Ok, lets add this up, 20 hours a week, for 9 months is 720 hours. With a base salary of lets say $11,000 that comes out to $15.27 per hour. I can honestly say, I also work for the university in a technical position overseeing several people as well as going to class full time with absolutly no tuition assistance. Doing this I make almost $5 less an hour. I have absolutly no feeling for these GTA's. In the real world, their job is to either make money for someone or create their own business. Not determine after their appointment as a GTA to say, "well ya know, with all these students (as was declared in my contract) I think I should break my contract and demand more money because I am a greedy, self-centered person that does not care about absolutely anything else." Humm, sounds like most of the GTA's that I have had... The professors are there making the money that they do because they already have earned their PH.D. etc. and have many years teaching in the classroom. Not to mention the fact that alot of them do research full-time along with teaching a few classes. Be glad that you are one of the few that have a GTA position, if you dont like it, QUIT! If you dont like the wages, GO TO ANOTHER SCHOOL! Life stinks, deal with it. Be thankful that you dont have to pay for school,(like the rest of us) receive a very nice paycheck and only have to do something 20 hours a week.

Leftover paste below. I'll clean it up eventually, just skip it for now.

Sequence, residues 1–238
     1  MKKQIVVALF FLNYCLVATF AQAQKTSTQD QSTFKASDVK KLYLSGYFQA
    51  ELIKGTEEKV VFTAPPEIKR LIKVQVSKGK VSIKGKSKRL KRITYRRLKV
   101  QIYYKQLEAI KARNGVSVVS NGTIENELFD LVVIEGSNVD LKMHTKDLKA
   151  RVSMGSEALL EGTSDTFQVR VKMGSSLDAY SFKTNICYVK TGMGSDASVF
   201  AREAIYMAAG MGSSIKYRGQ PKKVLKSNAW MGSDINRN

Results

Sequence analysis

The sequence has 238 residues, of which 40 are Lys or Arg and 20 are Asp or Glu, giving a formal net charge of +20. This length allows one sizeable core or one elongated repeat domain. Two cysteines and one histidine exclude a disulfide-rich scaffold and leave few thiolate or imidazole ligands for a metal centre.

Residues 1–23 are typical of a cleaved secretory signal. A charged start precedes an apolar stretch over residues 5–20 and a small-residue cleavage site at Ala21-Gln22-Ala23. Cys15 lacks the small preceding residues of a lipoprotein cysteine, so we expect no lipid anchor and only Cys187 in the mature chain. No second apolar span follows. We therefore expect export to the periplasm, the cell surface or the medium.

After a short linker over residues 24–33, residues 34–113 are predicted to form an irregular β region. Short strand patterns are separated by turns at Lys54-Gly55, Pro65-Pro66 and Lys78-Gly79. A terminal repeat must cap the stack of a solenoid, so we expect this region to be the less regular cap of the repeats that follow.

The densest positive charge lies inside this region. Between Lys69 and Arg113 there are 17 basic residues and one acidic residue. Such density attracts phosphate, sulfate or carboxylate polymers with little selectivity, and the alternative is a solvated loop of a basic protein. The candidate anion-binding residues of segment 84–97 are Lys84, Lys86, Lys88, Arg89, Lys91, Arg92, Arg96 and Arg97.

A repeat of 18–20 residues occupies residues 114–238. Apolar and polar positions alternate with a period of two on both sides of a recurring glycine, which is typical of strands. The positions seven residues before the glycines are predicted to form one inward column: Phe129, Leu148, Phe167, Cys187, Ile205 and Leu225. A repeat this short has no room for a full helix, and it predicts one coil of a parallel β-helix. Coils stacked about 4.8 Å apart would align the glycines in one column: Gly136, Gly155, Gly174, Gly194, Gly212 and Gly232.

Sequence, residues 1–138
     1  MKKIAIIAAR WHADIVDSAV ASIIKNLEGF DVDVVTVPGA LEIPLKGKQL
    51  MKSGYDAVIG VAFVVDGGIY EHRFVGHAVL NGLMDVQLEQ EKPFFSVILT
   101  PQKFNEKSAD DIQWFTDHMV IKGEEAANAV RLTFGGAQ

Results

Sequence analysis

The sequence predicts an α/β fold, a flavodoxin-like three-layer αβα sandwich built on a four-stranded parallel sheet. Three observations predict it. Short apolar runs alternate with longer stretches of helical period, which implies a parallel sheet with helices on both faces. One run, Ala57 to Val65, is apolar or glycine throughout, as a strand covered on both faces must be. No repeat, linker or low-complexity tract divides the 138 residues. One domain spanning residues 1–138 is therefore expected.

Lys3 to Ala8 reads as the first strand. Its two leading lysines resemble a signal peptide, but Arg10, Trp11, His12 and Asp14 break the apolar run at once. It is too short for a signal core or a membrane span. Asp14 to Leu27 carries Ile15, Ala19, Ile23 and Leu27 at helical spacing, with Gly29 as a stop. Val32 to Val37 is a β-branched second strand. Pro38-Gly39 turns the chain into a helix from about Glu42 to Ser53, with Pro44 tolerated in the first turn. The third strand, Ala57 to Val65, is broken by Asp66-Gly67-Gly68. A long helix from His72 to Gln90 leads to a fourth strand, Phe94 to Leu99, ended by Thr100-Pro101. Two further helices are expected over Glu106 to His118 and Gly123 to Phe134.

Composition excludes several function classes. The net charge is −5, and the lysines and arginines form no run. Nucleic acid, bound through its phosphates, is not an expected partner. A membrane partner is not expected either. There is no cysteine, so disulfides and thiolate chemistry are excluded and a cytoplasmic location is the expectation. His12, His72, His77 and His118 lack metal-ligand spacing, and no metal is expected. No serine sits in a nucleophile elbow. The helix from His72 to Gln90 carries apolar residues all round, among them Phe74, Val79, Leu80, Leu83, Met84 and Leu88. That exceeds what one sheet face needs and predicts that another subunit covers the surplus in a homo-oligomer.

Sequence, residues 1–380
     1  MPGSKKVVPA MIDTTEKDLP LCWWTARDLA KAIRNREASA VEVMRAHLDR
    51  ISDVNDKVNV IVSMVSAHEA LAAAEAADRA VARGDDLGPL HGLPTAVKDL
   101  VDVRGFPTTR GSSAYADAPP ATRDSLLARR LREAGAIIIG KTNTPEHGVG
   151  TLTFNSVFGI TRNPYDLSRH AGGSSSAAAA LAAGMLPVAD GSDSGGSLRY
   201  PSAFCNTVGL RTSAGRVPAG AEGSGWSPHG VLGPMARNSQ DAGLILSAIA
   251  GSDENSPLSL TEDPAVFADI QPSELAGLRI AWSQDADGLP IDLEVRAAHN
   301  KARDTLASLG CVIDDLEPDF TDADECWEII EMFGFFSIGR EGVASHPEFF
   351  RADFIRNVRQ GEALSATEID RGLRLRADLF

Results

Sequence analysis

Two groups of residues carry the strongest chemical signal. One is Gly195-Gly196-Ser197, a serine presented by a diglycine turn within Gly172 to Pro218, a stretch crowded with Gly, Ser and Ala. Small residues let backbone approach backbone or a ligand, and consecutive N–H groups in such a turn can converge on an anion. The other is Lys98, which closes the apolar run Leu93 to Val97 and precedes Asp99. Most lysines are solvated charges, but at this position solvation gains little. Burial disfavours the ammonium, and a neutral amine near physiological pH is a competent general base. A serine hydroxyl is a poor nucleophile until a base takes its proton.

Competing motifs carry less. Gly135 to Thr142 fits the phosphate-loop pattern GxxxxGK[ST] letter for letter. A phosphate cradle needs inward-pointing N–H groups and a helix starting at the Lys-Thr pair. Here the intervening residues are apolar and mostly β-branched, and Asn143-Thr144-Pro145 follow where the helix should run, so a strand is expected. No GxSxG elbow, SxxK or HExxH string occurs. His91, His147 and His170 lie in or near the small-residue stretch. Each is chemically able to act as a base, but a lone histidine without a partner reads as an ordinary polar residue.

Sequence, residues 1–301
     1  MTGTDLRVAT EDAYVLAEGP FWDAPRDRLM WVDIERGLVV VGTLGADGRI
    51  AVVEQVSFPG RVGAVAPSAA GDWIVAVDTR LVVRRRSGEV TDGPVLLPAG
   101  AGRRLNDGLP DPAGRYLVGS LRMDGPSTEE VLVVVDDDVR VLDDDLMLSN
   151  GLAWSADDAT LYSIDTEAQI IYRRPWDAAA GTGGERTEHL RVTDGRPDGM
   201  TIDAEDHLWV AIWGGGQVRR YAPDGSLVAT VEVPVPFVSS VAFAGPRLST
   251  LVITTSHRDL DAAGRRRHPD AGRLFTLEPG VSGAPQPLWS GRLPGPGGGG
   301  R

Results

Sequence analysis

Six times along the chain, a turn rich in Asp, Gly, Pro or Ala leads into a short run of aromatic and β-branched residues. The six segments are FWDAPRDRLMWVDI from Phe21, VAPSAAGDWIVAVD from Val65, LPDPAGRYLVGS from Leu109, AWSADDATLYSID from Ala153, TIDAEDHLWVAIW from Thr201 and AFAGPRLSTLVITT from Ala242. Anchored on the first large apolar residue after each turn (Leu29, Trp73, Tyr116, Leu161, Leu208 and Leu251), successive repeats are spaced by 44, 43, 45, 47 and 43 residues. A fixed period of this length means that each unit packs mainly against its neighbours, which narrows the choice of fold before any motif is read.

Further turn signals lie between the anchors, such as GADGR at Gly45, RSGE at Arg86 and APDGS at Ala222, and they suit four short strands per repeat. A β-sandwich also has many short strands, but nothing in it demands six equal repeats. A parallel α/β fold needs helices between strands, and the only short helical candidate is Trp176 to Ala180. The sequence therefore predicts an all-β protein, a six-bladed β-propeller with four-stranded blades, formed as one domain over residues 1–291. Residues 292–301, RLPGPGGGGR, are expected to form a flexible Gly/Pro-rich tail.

Miyagi_Rules 8 years, 10 months ago

Fairae -

Your point on the hourly wages would be valid if indeed it were a 20 hour per week job, it's not, it's more like 50-60 (more for people who don't slack off as much as me). The 20 hour figure is just an artifact of the contract to reflect the idea that a GTA is half-student and half-instructor. Your point that faculty make the big bucks because they also have to do research is also off track- graduate students also are expected to do a hefty share of research, both to support current faculty and to further their own careers.